Schmieder, Felicitas (FernUniversität Hagen) - Representations of global history in the later Middle Ages - and what we can learn from it today
The “Global Middle Ages” are a not so clearly defined concept that has been intensively discussed lately: Between the blaming for eurocentrism because people insist that the Middle Ages were a specific period of time in Europe that cannot be found elsewhere, and the blaming for eurocentrism because people insist that Europeans are not supposed to keep the Middle Ages all for themselves quite a few attempts have been made: If we want to work comparatively, there may have been “Middle Ages” everywhere, albeit at different times – but how do we, then, define “Middle Ages” in order to find the, say, Chinese or Inka Middle Ages? If we want to work along the lines of “entangled history”, can we simply suppose either that during the European Middle Ages everywhere else in the “Old World” the “Middle Ages” happened chronologically parallel? Or do we stand to eurocentrism and study cultural entanglements of medieval Europe with the rest of the then-known world? While the second approach is obviously Eurocentric in the way that it leaves all the defining power with European history, the first approach threatens to become culturalistic quite quickly. This paper is going to argue for the third option, not the least because the very concept of entanglement challenges the notion of Europe itself. Parallel to the question of the Global Middle Ages, and often interwoven with it, attempts to define Europe have become debated heatedly as well: The definitions of modern Europe obviously are a politically difficult as well as a necessary and very actual problem of our present. Since the approaches of the historians are always created in their present more and more attempts have been made to define and legitimate the modern borders and essence of Europe by the medieval past (in a very similar way the national borders and essences have been legitimized at least from the 19th c. onwards). The paper is trying to give an example of medieval global entangled history – what is actually exchanged, between whom, who is influencing what and is it one-sided or mutual etc. – by looking at medieval European representations of the globe and, as a side benefit, find out more about medieval notions if not of Europe then of we and the other that might disturb the conviction that we know what Europe is.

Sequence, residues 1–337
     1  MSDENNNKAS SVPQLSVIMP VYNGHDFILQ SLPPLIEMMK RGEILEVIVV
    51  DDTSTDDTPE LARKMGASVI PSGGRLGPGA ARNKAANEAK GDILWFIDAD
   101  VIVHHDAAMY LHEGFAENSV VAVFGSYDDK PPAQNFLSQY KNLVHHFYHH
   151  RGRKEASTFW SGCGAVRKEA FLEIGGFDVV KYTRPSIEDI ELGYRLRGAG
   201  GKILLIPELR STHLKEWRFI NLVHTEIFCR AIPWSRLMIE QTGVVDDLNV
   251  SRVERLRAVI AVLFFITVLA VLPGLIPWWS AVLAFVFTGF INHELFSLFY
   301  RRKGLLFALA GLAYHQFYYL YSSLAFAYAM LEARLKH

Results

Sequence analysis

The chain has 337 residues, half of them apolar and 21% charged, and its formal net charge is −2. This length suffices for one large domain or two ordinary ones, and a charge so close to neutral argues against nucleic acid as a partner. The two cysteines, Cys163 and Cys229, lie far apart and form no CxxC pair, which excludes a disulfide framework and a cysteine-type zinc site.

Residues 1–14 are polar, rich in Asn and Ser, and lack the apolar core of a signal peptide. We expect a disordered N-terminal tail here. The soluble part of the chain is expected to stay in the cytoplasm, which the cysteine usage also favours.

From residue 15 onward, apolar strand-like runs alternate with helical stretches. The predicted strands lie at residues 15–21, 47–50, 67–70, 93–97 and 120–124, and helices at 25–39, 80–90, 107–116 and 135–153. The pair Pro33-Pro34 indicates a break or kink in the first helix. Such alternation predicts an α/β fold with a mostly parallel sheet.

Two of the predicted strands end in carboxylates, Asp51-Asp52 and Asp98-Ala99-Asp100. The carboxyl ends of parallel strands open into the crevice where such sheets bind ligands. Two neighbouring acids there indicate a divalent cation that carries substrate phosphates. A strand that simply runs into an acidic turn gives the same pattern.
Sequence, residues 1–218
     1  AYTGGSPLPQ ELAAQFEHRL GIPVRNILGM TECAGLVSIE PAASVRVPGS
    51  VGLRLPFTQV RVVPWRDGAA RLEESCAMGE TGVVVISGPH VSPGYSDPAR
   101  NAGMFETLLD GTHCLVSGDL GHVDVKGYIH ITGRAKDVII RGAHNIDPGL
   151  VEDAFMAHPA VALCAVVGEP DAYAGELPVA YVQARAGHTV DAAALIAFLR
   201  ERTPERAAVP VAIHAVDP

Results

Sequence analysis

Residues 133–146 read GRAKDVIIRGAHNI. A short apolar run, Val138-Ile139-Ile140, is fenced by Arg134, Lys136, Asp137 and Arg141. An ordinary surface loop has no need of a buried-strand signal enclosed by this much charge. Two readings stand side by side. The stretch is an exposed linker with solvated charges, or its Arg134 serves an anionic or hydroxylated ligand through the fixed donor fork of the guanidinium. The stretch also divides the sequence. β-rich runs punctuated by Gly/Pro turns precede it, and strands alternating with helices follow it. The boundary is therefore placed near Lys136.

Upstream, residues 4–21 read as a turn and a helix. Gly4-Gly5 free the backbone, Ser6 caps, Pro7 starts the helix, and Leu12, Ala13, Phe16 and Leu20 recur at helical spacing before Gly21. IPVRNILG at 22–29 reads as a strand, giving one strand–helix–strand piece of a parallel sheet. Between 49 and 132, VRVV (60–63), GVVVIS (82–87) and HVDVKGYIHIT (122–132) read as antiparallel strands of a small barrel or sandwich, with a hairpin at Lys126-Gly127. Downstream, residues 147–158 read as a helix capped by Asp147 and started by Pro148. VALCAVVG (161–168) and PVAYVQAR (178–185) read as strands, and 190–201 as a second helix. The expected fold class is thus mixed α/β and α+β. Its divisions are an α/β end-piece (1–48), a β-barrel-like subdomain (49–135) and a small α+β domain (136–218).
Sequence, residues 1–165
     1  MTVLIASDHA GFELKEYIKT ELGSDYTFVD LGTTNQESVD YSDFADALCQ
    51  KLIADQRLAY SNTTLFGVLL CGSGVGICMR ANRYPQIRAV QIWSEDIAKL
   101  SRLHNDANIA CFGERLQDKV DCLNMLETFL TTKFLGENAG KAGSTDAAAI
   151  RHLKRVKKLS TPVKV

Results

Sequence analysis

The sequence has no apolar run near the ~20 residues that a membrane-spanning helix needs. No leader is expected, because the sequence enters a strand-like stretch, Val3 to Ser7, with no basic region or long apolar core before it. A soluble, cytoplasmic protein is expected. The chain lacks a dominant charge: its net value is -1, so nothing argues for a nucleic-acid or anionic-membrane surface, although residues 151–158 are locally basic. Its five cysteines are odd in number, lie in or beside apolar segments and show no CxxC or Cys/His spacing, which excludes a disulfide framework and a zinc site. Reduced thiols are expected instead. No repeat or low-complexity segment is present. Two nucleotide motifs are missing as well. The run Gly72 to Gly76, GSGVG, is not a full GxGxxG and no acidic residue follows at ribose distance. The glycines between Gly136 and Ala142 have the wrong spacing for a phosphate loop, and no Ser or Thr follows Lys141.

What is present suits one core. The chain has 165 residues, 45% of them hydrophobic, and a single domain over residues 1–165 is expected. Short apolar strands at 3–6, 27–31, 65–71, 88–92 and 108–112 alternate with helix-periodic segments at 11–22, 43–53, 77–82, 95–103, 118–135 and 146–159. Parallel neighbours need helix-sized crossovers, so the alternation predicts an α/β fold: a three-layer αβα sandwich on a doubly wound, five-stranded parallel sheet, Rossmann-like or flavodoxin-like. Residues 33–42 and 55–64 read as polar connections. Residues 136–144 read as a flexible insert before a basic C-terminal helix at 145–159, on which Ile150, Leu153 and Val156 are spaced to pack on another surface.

Felicitas Schmieder earned her PhD degree in 1991 at the Johann Wolfgang Goethe-University Frankfurt. She is professor of medieval history at Fernuniversität in Hagen, and member of the „Historisches Kolleg bei der Bayerischen Akademie der Wissenschaften“ in Munich. Her research interest covers German medieval urban history, medieval history of perception, intercultural contacts, as well as medieval eschatology and political prophecies. She has worked as visiting faculty at CEU, as well as at other prestigious institutions, such as the École pratique des Hautes Études (Paris), the Waseda University (Tokyo), or the Institute for Advanced Studies Hebrew University (Jerusalem). She has published extensively on medieval German towns and medieval European intellectual history.